The selfie mirror is a popular attraction at the Special Friends prom for special needs young adults from across the area hosted by Stillwater United Methodist Church. Pictured from left: Cassie Williams, Josh Orrill and Heidi Williams. CONTRIBUTED

Special-needs prom will be Feb. 9

Event at church takes momentum into its third year.

Young people with special needs are often relegated to being observers at special events. Well, on Feb. 9 young adults and teens with special needs from across the Miami Valley can be participants at the third Special Prom sponsored by Stillwater United Methodist Church.

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This year’s prom theme is Under the Sea.

Heidi Williams, a member of Stillwater church, last year’s prom chairman and a Clayton resident, said the first prom, three years ago, had approximately 30 students attend. “Last year we doubled that number,” she said. And this year, they’re expecting even more students.

Williams said the prom has become a community event. “We’ve received a phenomenal amount of donations from all around the community,” she said. From food to decorations to photography, Williams and the congregation views the donations as a blessing. “The Northmont community has absolutely poured blessings on this event,” she said. “It’s such a positive event.”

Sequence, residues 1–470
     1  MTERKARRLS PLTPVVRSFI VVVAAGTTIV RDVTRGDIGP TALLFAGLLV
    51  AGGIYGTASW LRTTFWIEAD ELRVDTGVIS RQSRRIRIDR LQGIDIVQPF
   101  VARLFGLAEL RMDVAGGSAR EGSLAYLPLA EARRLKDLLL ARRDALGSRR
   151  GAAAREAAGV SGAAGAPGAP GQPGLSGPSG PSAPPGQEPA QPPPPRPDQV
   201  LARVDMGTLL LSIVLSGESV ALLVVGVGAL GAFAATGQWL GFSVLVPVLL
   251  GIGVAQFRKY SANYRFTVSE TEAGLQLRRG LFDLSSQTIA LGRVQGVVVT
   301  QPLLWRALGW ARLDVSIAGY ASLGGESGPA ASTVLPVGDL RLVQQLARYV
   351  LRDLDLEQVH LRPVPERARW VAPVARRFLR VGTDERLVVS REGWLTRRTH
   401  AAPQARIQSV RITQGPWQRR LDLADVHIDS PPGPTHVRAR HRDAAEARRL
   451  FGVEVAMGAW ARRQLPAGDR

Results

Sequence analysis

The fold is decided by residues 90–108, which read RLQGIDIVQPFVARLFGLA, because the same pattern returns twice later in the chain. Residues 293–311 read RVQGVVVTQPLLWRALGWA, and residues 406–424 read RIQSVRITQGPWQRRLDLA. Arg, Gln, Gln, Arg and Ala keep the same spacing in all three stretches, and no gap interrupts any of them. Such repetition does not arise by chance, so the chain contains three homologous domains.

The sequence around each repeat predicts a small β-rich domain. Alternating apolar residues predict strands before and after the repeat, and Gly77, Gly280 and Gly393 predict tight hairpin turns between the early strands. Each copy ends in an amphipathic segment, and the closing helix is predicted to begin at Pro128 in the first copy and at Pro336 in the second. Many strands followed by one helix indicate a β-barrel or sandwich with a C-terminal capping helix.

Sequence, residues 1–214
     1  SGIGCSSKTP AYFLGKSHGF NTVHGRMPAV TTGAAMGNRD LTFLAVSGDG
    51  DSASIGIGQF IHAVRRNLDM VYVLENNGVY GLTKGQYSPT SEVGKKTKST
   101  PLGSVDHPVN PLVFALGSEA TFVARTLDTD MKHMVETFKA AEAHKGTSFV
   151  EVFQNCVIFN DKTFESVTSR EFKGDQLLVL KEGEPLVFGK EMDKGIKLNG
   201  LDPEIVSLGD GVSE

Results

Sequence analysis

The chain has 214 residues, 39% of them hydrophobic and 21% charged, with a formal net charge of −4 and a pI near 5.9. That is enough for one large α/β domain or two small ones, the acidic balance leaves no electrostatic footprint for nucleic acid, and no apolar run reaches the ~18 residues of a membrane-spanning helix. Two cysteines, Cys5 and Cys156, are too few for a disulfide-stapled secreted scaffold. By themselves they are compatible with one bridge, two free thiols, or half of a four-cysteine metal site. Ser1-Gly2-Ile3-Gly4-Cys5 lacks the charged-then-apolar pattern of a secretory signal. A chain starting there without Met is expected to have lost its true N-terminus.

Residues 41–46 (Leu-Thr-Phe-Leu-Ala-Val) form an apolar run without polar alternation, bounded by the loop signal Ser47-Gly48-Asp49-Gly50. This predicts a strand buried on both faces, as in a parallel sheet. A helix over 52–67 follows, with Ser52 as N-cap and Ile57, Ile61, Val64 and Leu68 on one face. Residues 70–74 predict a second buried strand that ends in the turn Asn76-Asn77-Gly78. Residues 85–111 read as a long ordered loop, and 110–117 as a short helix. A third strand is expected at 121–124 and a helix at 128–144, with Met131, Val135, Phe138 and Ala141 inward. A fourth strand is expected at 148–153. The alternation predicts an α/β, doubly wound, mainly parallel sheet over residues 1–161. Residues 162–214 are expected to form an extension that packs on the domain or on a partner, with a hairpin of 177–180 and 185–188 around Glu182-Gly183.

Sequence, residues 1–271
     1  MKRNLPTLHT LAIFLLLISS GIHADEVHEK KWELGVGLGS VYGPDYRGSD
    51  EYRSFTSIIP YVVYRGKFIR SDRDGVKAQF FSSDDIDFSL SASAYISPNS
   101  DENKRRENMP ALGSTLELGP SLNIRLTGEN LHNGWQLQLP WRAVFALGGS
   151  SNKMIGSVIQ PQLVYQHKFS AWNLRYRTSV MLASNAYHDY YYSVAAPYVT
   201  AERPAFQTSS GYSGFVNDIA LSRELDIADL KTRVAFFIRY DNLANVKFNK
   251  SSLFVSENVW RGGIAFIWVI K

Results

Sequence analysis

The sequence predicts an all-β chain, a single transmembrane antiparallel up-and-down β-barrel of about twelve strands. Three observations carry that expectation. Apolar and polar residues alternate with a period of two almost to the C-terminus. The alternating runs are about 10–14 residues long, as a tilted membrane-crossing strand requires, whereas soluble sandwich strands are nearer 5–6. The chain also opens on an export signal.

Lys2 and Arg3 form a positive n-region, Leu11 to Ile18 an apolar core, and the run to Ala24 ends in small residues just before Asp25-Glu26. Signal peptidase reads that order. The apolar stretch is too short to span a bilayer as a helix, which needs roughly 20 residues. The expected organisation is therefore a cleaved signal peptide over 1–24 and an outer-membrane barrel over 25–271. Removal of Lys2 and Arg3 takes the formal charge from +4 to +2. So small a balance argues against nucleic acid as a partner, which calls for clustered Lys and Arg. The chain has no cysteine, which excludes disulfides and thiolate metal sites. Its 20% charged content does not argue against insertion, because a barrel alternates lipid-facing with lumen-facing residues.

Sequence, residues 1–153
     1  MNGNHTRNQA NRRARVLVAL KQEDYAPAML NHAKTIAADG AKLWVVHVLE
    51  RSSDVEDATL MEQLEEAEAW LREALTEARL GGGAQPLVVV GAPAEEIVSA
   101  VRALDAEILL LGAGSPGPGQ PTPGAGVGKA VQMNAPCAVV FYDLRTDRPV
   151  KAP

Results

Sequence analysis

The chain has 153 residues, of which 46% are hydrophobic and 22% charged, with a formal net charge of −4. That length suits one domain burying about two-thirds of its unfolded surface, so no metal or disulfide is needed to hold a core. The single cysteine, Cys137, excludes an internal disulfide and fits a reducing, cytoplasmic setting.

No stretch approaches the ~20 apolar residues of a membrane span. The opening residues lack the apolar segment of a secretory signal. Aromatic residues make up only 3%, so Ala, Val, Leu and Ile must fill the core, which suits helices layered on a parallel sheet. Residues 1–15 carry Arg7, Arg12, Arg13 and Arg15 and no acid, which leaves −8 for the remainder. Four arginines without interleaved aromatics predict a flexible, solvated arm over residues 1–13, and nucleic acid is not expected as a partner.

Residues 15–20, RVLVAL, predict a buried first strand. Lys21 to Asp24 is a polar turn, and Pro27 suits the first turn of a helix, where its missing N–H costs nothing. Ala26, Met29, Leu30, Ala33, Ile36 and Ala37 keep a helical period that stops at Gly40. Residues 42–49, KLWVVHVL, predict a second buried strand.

Prior to the prom, at 5 p.m., young ladies can come to the church and have their hair and nails done. “Our friends from Pinned Up Salon have donated their time,” said Williams. “It’s very important that the young ladies make an appointment for this service.” Registering for the prom and beauty services is done by email at prom@stillwaterumc.org.

A few years ago, Stillwater Church realized there was an untapped segment of their congregation needing extra care and attention. Several church members who are therapists and educators began a Special Friends ministry, which ensures that all families feel welcomed, loved and supported in a safe and supportive environment for special needs children and their families.

Williams said students are welcome to bring their parents to the prom. “And in fact, we have a special area for parents. We had a lot of families come last year to be photographed with their prom-goer,” she said.

From observing the past two years, Williams says the biggest hit with the kids is the music and dancing: “DJ Willie, who rocked the floor last year, is back. He’s wonderful and the kids love him.”

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And for students with physical limitations or in wheelchairs, the dancing is modified. “It doesn’t matter, they all get out on the floor and have so much fun,” Williams said.

The church provides training for volunteers who are chaperoning. All chaperones are background checked.

Contact this contributing writer at pgmcginnis45419@yahoo.com.

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